“I can’t even assess things because I don’t see a campaign,” Brouillette said. “I’ve not seen anything that is even a semblance of a campaign.”

According to the report, Mastriano’s lackluster campaign is not unusual among Trump’s preferred candidates.

“Along with Mr. Mastriano in Pennsylvania, Trump-backed candidates for governor in five other states — Arizona, Illinois, Maryland, Massachusetts and Michigan — have combined to air zero television advertisements since winning their primaries,” the report said.

Over the weekend, Rep. Liz Cheney (R-WY) vowed to campaign against Mastriano and other Trump-endorsed candidates who push lies about the 2020 presidential election.

“I think we have to do everything we can in ’22 to make sure those people don’t get elected,” she told the Texas Tribune Festival. “We have to make sure [Doug] Mastriano doesn’t win.”

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‘We Have Incredible Things’: Trump Surprised NYT Reporter Last Year by Boasting He Kept White House Documents

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Former President Donald Trump surprised New York Times reporter Maggie Haberman by casually mentioning that he had kept White House documents after leaving office.

The New York Times reporter revealed in her forthcoming book, “Confidence Man: The Making of Donald Trump and the Breaking of America,” that the former president told her Sept. 16, 2021, at his club in Bedminster, New Jersey, that he mentioned that he had held onto some government records that should have been sent to the National Archives, according to excerpts published by Axios.

“He demurred when I asked if he had taken any documents of note upon departing the White House — ‘nothing of great urgency, no,’ he said, before mentioning the letters that Kim Jong-un had sent him, which he had showed off to so many Oval Office visitors that advisers were concerned he was being careless with sensitive material,” Haberman reported.

Haberman expressed surprise that he took those letters, which he eventually returned months later after the National Archives demanded them.

READ MORE: Trump’s delay tactics pushed special master Dearie to respond with a ‘master stroke’ that helps the DOJ

“He kept talking, seeming to have registered my surprise, and said, ‘No, I think that’s in the archives, but … Most of it is in the archives, but the Kim Jong-un letters … We have incredible things,'” Haberman wrote.

The FBI searched Trump’s home last month at Mar-a-Lago, where they seized more than 11,000 documents and 1,800 other items, including about 100 classified materials — including some marked “top secret,” and the search warrant shows investigators believe he may have violated the Espionage Act and other laws.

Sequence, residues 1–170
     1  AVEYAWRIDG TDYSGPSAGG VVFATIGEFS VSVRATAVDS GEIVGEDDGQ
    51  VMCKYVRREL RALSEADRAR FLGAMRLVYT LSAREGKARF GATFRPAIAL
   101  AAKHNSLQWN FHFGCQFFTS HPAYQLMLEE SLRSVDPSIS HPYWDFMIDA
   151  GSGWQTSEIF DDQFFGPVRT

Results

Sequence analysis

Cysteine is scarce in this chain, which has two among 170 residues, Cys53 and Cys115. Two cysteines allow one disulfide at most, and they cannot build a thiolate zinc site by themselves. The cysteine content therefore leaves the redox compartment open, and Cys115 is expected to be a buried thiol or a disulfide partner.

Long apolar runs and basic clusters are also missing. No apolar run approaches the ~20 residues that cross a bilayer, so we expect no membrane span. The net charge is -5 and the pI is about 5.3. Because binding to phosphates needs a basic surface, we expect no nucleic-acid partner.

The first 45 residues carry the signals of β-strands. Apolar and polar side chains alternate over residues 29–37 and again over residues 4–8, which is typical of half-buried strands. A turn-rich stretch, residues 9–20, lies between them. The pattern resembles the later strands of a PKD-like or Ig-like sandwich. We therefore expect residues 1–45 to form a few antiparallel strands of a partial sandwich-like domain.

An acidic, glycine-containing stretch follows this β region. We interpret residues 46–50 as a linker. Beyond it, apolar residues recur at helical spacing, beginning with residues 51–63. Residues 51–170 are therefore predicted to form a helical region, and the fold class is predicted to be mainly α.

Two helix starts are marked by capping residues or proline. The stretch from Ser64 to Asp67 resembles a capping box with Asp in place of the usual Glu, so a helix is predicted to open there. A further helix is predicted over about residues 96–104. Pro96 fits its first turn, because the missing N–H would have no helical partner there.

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‘Pretty Big ‘A-Ha’ Moment’: J6 Staffer Reveals White House Switchboard Called Rioter’s Cell Phone During Insurrection

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On Friday, 60 Minutes revealed that Denver Riggleman, a key staffer for the House Select Committee on January 6, discovered the White House switchboard patched through to the phone of a Capitol rioter — while the attack was in progress.

“Riggleman, an ex-military intelligence officer and former Republican congressman from Virginia, oversaw a data-driven operation for the January 6 committee, pursuing phone records and other digital clues tied to the attack on the Capitol. He stopped working for the committee in April,” reported Keith Zubrow.

“You get a real ‘a-ha’ moment when you see that the White House switchboard had connected to a rioter’s phone while it’s happening,” said Riggleman to 60 Minutes’ Bill Whitaker. “That’s a big, pretty big ‘a-ha’ moment.”

He added that “I only know one end of that call. I don’t know the White House end, which I believe is more important. But the thing is the American people need to know that there are link connections that need to be explored more.”

This comes after a series of damning revelations about the involvement and support of former President Donald Trump in encouraging the people storming the Capitol.

One of the biggest allegations to come out of the public hearings by the select committee was the claim by former White House staffer Cassidy Hutchinson that Trump demanded the rioters be allowed onto the premises because “they’re not here to hurt me” — and that he lunged at his security detail in the car after they refused to take him to the Capitol to join the attackers.